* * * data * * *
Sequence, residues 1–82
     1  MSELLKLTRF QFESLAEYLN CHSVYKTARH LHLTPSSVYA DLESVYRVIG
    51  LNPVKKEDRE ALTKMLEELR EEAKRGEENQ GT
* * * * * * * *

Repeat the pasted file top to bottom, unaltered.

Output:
Sequence, residues 1–82
     1  MSELLKLTRF QFESLAEYLN CHSVYKTARH LHLTPSSVYA DLESVYRVIG
    51  LNPVKKEDRE ALTKMLEELR EEAKRGEENQ GT